A Scout is…Helpful

When asked where religion came into Scouting, Sir Robert Baden-Powell , the founder of the Scouting movement, replied, “It does not come in at all. It is already there.  It is a fundamental factor underlying Scouting…” (Religion and the Boy Scout and Girl Guides Movement–an address, 1926).

This is a continuation in a series of blogs examining the connection between the values of Scouting and the Bible.

A Scout is…Helpful

A Scout cares about other people.  He helps others without expecting payment or reward.  He fulfills his duties to his family by helping at home.

The third point of the Scout Law is, “A Scout is helpful.”  Being helpful is a virtue that is advocated throughout the Bible.  Consider these two examples from the Old Testament:

You shall not see your brother’s ox or his sheep going astray, and hide yourself from them; you shall certainly bring them back to your brother. And if your brother is not near you, or if you do not know him, then you shall bring it to your own house, and it shall remain with you until your brother seeks it; then you shall restore it to him. You shall do the same with his donkey, and so shall you do with his garment; with any lost thing of your brother’s, which he has lost and you have found, you shall do likewise; you must not hide yourself.  You shall not see your brother’s donkey or his ox fall down along the road, and hide yourself from them; you shall surely help him lift them up again. ~ Deuteronomy 22:1-4

If one of your brethren becomes poor, and falls into poverty among you, then you shall help him, like a stranger or a sojourner, that he may live with you. Take no usury or interest from him; but fear your God, that your brother may live with you.  Leviticus 25:35-36

In his epistle to the Philippians, Paul encouraged his readers to help each other:

I implore Euodia and I implore Syntyche to be of the same mind in the Lord.  And I urge you also, true companion, help these women who labored with me in the gospel, with Clement also, and the rest of my fellow workers, whose names are in the Book of Life.  Philippians 4:2-3

Probably the best known example where Jesus encourages being helpful is the Parable of the Good Samaritan:

Luke 10:30-37

30 Then Jesus answered and said: “A certain man went down from Jerusalem to Jericho, and fell among thieves, who stripped him of his clothing, wounded him, and departed, leaving him half dead. 31 Now by chance a certain priest came down that road. And when he saw him, he passed by on the other side. 32 Likewise a Levite, when he arrived at the place, came and looked, and passed by on the other side. 33 But a certain Samaritan, as he journeyed, came where he was. And when he saw him, he had compassion. 34 So he went to him and bandaged his wounds, pouring on oil and wine; and he set him on his own animal, brought him to an inn, and took care of him. 35 On the next day, when he departed he took out two denarii, gave them to the innkeeper, and said to him, ‘Take care of him; and whatever more you spend, when I come again, I will repay you.’ 36 So which of these three do you think was neighbor to him who fell among the thieves?”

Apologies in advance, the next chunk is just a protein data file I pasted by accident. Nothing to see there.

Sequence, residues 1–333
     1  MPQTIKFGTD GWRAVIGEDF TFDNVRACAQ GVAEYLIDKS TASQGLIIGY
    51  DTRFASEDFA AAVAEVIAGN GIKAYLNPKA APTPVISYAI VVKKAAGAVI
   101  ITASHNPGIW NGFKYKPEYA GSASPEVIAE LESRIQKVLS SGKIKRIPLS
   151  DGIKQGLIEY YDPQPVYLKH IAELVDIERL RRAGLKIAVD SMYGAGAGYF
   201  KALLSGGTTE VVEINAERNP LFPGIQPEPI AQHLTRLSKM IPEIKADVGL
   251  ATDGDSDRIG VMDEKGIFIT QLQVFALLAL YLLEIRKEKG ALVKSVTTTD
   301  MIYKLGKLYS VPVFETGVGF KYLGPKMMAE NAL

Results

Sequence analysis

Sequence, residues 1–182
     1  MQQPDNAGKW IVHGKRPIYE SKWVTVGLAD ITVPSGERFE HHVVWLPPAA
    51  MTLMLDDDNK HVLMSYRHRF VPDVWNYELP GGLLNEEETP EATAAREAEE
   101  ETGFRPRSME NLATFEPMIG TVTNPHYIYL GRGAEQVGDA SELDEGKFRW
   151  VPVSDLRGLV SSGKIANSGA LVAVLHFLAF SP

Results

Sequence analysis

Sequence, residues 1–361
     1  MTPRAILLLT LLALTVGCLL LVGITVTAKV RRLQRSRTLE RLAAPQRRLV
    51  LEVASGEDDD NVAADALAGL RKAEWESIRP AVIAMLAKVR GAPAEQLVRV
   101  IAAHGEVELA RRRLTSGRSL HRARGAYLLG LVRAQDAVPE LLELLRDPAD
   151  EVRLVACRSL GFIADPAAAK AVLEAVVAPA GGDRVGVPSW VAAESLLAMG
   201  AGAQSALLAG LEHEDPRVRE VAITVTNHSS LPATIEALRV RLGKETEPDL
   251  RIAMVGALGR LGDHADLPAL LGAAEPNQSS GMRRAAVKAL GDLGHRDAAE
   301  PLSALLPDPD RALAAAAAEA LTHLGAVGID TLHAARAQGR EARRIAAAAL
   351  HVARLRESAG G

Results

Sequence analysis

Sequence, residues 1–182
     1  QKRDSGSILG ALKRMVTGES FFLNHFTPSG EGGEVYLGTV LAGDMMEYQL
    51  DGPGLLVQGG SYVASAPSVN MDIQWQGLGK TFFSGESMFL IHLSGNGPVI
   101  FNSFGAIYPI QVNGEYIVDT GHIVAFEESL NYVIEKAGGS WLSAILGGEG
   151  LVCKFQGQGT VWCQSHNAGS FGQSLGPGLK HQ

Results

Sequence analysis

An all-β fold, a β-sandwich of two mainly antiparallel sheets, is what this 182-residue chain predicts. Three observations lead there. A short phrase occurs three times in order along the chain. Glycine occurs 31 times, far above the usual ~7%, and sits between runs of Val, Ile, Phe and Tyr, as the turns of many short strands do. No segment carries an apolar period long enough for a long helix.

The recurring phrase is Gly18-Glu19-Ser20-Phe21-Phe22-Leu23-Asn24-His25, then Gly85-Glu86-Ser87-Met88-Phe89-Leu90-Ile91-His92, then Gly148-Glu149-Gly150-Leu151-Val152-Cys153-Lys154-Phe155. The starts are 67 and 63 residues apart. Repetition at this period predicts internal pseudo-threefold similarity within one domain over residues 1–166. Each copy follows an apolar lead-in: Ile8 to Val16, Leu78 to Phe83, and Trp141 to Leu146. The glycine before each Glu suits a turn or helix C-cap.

37 And he said, “He who showed mercy on him.”

Then Jesus said to him, “Go and do likewise.”

A Scout is Helpful
~ Norman Rockwell, 1939

The Samaritan cared for the man, despite the fact that Samaritans usually did not associate with Jews.  He went out of his way to help, despite the major inconvenience to himself.  After administering first aid – like any good Scout would do – the Samaritan man not only took the man to an inn – the closest thing to a hospital that existed at the time – but he also paid for the man’s expenses.

This story exemplifies the way a Scout is to be helpful.  A Scout should genuinely care about those around him – not just his friends and family, but all he comes in contact with.  A Scout should be willing to go out of his way to help others, and should be able to use Scouting skills, such as first aid, Scoutcraft, or leadership skills.  And, a Scout should not expect payment or reward for giving a helping hand.  This doesn’t mean that a Scout can’t do a job for pay, but it does mean that he shouldn’t expect payment for doing a good turn.  The satisfaction of having helped someone in need should be reward enough.

“A Scout is helpful,” like most of the values Scouting teaches, is firmly rooted in the Bible.  I firmly believe that the Biblical foundation of Scouting is one of the primary reasons the organization has continued to flourish into the 21st century.


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